As you may be aware, on Tuesday, July 18th the Minister of Finance, The Honourable Bill Morneau, announced a set of proposals aimed at reforming the tax planning options available for private corporations. Since the changes were released I have heard from a number of incorporated professionals, and small and medium sized business owners in Oakville and Burlington. I have also been following how the proposed changes have been covered in the media and discussed on social media. The proposed changes will bring reform to rules that have been unaltered since the 1970s and people rightly have a lot of questions about how these changes will affect their businesses. However, while these proposed changes are complex, I believe that there is misinformation that has been circulating and I hope that the explanation below will help to set the record straight.
The first thing I would encourage you to do, if you are unsure how these changes will affect you or your business, is to review the consultation document released by the Department of Finance and discuss what these changes will mean for your business with your accountant. I have heard from small businesses who advised me that once they did this, they discovered that the proposed changes do not have any impact on them at all.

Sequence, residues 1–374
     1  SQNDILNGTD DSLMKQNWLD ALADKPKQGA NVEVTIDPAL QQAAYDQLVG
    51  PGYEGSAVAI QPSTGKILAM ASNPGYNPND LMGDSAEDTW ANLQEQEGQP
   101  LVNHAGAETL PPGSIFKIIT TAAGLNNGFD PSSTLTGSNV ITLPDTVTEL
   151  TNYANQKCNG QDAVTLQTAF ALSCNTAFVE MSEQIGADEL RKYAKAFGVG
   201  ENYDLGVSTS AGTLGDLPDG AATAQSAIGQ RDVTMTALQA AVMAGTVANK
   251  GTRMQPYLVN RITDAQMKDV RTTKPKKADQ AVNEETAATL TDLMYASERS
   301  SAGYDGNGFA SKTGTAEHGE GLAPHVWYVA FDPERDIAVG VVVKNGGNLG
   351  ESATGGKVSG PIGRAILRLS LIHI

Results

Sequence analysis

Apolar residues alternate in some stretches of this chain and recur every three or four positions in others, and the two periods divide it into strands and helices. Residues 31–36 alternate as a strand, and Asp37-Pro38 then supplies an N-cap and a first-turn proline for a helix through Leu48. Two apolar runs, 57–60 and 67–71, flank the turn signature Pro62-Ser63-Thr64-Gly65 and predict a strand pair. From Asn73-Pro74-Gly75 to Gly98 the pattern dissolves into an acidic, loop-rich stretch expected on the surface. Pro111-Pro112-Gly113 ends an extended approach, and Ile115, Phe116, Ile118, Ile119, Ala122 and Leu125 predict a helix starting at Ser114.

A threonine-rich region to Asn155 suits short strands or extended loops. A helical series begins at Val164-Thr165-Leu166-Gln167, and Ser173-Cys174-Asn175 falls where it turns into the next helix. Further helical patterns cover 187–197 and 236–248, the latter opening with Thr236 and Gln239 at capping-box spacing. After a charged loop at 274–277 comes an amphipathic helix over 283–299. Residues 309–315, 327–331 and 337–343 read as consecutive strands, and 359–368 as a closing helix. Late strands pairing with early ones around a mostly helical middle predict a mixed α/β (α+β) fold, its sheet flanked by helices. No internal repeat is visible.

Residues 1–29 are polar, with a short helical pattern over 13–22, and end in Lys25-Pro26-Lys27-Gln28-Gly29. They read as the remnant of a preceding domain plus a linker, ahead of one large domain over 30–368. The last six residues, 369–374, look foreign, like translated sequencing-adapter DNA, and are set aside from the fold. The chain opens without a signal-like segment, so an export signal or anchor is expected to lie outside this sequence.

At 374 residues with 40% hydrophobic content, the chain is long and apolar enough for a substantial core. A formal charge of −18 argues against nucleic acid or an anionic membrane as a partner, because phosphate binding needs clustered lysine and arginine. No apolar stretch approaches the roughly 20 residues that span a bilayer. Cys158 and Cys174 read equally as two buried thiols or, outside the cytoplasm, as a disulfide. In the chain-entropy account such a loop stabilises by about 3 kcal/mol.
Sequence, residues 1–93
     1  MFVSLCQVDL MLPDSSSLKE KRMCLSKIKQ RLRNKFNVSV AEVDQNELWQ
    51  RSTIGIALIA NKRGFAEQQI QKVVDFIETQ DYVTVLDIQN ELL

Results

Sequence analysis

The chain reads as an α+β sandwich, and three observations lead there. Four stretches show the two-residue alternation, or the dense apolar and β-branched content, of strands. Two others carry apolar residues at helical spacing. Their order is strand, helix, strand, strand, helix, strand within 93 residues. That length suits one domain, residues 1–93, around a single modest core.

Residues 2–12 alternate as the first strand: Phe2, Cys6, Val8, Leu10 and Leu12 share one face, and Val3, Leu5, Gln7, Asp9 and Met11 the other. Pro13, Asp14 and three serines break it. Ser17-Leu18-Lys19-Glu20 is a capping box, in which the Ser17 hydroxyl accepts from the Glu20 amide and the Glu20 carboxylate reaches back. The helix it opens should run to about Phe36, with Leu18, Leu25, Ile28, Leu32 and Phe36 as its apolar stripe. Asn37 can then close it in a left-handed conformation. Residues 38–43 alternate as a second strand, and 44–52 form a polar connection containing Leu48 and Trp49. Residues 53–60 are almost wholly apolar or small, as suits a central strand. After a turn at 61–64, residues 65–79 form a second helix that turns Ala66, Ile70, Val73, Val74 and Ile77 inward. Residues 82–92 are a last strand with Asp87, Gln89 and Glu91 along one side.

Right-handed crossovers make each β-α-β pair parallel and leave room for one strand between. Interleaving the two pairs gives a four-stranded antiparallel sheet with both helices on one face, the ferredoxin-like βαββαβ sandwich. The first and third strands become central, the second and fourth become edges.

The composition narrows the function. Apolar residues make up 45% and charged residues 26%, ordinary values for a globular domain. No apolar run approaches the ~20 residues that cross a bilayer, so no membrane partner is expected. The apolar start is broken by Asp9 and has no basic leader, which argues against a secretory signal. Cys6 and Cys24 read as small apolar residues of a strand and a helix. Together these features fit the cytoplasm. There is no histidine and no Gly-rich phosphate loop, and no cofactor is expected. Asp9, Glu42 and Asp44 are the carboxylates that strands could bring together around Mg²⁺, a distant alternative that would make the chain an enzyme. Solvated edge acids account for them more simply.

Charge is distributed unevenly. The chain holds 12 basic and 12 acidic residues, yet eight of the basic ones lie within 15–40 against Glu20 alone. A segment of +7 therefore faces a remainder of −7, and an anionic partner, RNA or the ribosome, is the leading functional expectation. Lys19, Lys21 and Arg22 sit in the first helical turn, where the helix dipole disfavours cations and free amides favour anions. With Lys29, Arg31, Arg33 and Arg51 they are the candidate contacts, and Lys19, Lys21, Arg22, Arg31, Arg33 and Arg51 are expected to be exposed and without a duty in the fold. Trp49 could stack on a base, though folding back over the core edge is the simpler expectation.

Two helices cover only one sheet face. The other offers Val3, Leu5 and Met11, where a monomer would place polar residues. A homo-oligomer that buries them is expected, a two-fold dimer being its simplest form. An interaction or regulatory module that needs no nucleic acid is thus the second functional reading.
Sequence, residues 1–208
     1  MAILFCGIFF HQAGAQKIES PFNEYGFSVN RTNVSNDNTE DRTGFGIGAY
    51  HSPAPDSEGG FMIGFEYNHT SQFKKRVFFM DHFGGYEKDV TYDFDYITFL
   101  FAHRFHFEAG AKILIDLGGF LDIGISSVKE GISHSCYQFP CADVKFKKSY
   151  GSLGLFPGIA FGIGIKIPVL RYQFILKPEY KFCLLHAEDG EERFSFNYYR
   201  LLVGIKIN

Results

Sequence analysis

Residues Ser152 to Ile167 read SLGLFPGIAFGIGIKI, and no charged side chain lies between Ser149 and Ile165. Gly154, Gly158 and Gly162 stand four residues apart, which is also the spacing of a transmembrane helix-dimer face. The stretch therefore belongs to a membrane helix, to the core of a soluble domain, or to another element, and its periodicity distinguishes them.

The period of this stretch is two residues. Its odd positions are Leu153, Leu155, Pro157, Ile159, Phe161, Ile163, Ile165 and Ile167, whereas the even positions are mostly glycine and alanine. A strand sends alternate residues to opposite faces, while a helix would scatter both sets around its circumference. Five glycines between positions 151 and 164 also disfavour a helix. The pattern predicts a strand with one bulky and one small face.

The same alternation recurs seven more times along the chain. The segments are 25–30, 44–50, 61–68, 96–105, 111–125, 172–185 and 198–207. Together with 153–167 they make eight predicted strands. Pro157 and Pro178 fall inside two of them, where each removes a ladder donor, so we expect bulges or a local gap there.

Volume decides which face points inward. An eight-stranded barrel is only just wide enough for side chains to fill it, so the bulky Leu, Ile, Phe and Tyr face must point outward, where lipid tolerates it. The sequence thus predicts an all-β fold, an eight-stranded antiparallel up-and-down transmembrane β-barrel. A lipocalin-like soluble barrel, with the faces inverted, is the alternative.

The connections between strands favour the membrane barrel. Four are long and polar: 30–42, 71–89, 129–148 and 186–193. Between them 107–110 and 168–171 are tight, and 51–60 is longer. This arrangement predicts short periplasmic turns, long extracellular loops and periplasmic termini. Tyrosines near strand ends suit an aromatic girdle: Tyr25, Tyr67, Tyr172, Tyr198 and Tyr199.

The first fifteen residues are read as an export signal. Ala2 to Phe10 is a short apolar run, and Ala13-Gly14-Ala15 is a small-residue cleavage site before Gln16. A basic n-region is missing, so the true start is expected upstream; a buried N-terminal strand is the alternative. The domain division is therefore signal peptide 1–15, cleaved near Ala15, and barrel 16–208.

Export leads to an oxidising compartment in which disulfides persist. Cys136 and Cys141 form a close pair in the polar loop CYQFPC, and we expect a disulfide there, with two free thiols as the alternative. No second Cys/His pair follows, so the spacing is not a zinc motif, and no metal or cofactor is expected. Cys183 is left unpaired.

The document compiled by the Department lays out the current tax planning strategies that corporations are currently using, some problematic elements found in these current strategies and the rationale for why new legislative measures are needed.
You can read the document in full by clicking on this link; https://www.fin.gc.ca/activty/consult/tppc-pfsp-eng.pdf.
Once you have reviewed the consultation document I encourage you to send any constructive and actionable feedback you might have to the email firstname.lastname@example.org. The consultation will be open until October 2nd. , In my most recent conversation with Minister Morneau, we discussed the importance of consulting Canadians on these proposals. He has assured me that any legislative changes will ensure that small businesses are able to continue doing what they do best: grow their business, create jobs and support their communities.